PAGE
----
But recall that two weeks before the Iowa caucuses in 2016, then-candidate Trump said at Dortd University in Sioux City:  “I could stand in the middle of Fifth Avenue and shoot somebody, and I wouldn’t lose any voters, OK?…It’s, like, incredible.”

Incredible, but true, and Trump isn’t the only one anticipating his inauguration one year from today on January 20, 2025.

Credit card companies are as well, particularly American Express.

Read on…

Plagiarism trumps racism.

Should someone be forced to resign if they’ve plagiarized work that helped them get the job they have?

I say ‘yes’, if the plagiarism is material (I heard of a revered professor who was hauled before her university’s Senate because she copied writing from a long ago paper she’d written, but failed to cite that passage even though she was copying from herself. That’s not material).

But what if the plagiarist is a female University president? Is that sexism? Possibly. But also not material.

What if that university president is Black? Is that racism? Possibly. Again, not material.

Read on…

What better way to endure a wet January than taking part in Dry January?

Calling someone an old soul says they’re wise before their time.

In the 1960s, whenever a commercial flight passed over Alberta airspace, the plane would stop serving alcohol until it was safely flying above BC or Saskatchewan. This was because Alberta’s Bible-belting government was also a teetotalling one, and to the Social Credit Party airspace meant drinkspace meant sin.

Flash forward to 2013 when a British charity, Alcohol Change UK, launched its first “Dry January” campaign, asking Brits to abstain from drinking alcohol in the first month of the year. Today, Dry January has grown into a social movement that’s driven by health and financial benefits instead of religious ones.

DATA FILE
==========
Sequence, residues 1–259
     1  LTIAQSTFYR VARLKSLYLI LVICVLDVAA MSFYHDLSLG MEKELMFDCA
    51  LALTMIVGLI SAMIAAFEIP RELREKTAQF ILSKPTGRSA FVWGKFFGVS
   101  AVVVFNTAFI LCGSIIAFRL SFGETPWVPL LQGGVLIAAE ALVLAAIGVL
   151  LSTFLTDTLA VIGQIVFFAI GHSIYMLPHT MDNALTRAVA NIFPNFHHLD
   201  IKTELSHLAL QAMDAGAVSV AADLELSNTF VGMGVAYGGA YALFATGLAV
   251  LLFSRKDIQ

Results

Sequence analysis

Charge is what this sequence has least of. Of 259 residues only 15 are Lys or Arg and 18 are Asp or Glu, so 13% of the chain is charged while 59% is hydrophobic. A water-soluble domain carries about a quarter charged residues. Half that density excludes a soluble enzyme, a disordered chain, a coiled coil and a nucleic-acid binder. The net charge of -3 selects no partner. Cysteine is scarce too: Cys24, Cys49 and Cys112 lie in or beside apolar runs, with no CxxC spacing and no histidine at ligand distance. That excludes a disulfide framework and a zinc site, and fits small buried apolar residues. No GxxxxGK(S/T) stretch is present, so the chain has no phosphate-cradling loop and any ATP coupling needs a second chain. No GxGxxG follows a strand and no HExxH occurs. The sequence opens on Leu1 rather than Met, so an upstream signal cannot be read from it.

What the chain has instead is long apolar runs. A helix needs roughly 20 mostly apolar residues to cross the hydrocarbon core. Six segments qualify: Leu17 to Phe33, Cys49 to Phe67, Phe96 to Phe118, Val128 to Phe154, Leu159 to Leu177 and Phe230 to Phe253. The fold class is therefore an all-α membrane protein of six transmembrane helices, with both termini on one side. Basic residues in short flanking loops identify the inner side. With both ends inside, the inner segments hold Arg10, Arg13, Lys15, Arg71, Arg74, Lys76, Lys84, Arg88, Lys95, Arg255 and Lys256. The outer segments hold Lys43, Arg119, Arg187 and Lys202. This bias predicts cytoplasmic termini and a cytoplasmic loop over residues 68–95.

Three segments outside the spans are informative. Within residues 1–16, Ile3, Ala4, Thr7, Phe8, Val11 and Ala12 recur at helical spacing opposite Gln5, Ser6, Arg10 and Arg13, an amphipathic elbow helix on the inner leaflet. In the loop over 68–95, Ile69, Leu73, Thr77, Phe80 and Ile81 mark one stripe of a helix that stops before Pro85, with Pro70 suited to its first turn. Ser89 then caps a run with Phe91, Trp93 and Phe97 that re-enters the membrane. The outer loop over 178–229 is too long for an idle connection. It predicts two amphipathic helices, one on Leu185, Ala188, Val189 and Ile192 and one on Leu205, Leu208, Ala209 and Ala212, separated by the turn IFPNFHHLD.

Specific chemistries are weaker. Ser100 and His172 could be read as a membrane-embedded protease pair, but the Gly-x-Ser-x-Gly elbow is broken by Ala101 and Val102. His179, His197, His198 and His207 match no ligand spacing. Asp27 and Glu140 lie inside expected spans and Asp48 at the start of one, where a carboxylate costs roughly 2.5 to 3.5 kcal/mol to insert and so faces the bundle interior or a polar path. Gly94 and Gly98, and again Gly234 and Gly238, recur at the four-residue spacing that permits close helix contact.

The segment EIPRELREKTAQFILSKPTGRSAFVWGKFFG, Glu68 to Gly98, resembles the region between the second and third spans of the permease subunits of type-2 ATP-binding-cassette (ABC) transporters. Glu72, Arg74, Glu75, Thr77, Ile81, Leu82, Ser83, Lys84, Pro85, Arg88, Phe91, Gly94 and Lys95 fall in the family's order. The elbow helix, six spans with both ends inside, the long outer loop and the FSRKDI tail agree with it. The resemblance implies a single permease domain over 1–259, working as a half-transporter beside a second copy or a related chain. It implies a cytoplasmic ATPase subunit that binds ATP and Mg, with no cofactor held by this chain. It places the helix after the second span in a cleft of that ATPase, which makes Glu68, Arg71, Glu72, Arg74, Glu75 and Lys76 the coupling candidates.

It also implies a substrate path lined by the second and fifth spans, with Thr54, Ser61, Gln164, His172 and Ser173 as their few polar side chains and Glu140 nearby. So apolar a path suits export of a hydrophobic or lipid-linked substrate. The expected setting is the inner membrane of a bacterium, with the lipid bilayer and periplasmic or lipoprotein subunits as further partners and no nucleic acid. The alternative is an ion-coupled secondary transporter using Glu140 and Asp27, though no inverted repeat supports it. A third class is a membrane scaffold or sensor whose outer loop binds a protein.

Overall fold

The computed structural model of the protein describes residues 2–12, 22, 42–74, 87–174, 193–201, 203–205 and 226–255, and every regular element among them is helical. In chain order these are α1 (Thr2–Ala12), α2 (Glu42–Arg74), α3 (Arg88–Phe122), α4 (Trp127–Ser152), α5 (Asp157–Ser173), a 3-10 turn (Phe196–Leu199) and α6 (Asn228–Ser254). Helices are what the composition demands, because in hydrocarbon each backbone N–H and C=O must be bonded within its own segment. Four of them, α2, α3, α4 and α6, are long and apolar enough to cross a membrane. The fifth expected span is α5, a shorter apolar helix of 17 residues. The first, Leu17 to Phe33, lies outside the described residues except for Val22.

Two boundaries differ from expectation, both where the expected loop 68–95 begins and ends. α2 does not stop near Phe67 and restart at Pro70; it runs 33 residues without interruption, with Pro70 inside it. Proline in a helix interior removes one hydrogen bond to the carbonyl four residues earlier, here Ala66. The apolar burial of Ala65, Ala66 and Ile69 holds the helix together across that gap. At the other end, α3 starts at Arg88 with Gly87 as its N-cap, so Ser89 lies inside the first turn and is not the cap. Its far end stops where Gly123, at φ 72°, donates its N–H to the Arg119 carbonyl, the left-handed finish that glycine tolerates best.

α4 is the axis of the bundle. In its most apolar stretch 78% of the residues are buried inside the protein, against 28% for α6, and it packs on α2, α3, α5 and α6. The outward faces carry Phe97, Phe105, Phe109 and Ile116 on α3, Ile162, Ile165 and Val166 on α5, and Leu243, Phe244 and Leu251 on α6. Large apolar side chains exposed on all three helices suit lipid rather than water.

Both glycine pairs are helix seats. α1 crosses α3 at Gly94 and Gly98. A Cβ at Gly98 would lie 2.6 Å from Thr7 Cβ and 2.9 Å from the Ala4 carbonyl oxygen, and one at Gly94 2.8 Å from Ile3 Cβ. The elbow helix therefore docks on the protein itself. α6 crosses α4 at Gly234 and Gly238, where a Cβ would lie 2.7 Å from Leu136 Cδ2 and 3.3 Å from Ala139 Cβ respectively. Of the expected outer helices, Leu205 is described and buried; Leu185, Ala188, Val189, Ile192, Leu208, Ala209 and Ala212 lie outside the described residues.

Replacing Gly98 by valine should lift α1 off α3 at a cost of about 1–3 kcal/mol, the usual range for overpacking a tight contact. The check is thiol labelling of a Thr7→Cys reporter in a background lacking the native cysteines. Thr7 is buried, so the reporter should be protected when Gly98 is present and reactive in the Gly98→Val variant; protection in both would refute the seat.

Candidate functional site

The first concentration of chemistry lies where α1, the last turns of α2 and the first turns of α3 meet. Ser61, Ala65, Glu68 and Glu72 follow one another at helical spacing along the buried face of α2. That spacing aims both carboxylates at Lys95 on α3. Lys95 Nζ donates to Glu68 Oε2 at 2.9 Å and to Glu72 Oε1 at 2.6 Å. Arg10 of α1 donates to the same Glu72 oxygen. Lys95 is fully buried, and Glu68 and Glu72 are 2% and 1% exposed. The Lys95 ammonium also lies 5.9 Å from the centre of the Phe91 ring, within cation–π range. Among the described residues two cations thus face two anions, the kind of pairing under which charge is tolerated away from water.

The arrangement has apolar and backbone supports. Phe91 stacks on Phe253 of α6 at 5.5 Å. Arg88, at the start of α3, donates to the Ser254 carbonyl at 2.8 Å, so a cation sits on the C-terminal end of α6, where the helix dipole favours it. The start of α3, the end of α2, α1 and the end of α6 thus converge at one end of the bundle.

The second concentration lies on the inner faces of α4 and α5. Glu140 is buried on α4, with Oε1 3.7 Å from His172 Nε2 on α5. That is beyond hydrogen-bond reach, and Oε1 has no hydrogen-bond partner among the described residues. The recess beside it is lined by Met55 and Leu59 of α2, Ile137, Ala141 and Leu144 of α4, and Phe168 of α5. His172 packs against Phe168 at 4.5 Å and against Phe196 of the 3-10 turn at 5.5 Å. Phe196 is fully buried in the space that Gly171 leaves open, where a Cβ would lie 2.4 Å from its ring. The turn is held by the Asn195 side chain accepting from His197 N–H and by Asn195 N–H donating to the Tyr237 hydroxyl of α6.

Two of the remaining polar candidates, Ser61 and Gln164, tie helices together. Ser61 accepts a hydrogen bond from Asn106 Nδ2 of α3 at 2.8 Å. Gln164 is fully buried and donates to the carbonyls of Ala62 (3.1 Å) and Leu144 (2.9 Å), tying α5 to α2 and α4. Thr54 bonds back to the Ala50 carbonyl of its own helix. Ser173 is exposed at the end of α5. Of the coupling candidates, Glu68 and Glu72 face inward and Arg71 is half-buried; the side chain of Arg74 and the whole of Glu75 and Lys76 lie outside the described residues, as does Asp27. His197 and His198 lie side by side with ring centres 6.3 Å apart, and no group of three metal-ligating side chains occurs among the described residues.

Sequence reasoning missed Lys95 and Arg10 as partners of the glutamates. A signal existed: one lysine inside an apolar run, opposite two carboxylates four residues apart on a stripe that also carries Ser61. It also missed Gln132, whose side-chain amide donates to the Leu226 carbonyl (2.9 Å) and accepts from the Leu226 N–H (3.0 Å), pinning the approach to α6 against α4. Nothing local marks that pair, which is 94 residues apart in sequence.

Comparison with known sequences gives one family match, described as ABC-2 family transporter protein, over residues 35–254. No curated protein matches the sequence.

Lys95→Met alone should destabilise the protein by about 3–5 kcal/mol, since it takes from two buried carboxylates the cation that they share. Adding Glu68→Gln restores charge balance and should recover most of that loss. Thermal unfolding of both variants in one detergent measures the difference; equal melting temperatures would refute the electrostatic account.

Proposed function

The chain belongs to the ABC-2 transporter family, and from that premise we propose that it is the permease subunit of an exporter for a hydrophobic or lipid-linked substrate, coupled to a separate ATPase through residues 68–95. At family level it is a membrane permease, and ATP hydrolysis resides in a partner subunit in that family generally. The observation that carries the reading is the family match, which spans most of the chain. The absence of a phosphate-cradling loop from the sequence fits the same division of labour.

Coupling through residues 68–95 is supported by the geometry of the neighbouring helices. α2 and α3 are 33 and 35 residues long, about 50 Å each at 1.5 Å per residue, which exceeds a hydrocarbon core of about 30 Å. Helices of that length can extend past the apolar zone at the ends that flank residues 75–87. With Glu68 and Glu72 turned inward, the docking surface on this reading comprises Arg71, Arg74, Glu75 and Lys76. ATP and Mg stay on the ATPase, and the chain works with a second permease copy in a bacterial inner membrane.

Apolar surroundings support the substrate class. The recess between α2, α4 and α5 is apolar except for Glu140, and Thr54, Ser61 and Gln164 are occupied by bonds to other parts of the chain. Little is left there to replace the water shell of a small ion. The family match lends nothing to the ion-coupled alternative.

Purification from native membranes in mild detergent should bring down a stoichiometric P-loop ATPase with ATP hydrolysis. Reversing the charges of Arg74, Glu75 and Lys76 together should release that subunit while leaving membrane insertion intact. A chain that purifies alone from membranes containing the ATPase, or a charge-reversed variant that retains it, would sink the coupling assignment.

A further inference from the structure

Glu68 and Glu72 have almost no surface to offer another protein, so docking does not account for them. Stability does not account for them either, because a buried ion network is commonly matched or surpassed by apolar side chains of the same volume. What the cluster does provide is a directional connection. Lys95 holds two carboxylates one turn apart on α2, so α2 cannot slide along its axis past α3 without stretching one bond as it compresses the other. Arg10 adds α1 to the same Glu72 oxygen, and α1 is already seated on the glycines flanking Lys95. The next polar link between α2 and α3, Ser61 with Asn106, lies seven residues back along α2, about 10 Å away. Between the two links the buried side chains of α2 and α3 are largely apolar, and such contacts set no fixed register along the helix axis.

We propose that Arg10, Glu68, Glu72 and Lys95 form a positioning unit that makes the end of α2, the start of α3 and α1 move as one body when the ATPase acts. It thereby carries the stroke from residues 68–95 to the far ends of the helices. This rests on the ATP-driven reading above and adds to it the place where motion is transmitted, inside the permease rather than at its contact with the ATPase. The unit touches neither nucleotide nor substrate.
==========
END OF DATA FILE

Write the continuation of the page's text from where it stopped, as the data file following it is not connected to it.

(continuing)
Read on…

An ‘Old Soul’s’ Christmas.

Calling someone an old soul says they’re wise before their time.

It has nothing to do with age. A child can be an old soul. But if there’s One Big Thing that happened this year, it’s how the idea of being ‘old’ is changing and how quickly we should move to catch up to it.

Read on…

Would it kill you to smile?

You know how those models look back at you from the pages of luxe publications: pouty, pale, thin and rich? Not a good look these days.

I’ve always wondered why, among all the categories of ‘stuff’ for sale in the world that luxury goods is the only one where the people enjoying the products are not enjoying the products. Everywhere else, from beer to travel, cars to lottery tickets, the connection between smiling people promising you’ll be smiling too, is swift and sure.

You’d think a $10,000 watch, a Louis Vuitton suitcase or a Dior suit would make you happy. Or happier, at least. But no.

Read on…

Holiday gifts for budding antisemites.

For less than $100 you can save someone — a family member, a university student, a wayward stranger — from becoming an antisemite.

That is, someone who’s hostile or prejudiced against Jews because they’re Jews, in the way that racists are hostile to Black people. No reason, really. They’re Black, is all.

This is actually a big public health issue. Antisemites spread a disease that is more infectious and deadly than COVID ever was. While COVID has killed 7 million people, antisemitism killed 6 million Jews in the Holocaust, plus millions more from antisemitism’s earliest days in the 5th century.

When I speak of antisemites, I don’t mean someone who doesn’t like particular policies of the Israeli government or its leaders (I think Bibi Netanyahu is a dreadful Prime Minister), or someone who doesn’t like a particular Jew because, for example, she’s a jerk and drinks too much.

Read on…

What starts with the Jews never ends with the Jews.

I went to an event in Toronto on Wednesday to hear five Muslim speakers talk about the war between Israel and Hamas. The room was jammed with 650 eager listeners.

The keynote speaker was Mosab Hassan Yousef, the son of the co-founder of Hamas.

Then three panelists each spoke, chaired by Raheel Raza, President of the Council for Muslims Facing Tomorrow. The panelists were Ontario MPP Goldie Ghamari, the first Iranian-Canadian woman elected to office in Canada and the Chair of the Standing Committee on Justice Policy; Asaad Sam Hanna, a member of the US Armed Forces and a strategic advisor to the Lobo Institute; and Bassem Eid, founder of the Palestinian Human Rights Monitoring Group.

Read on…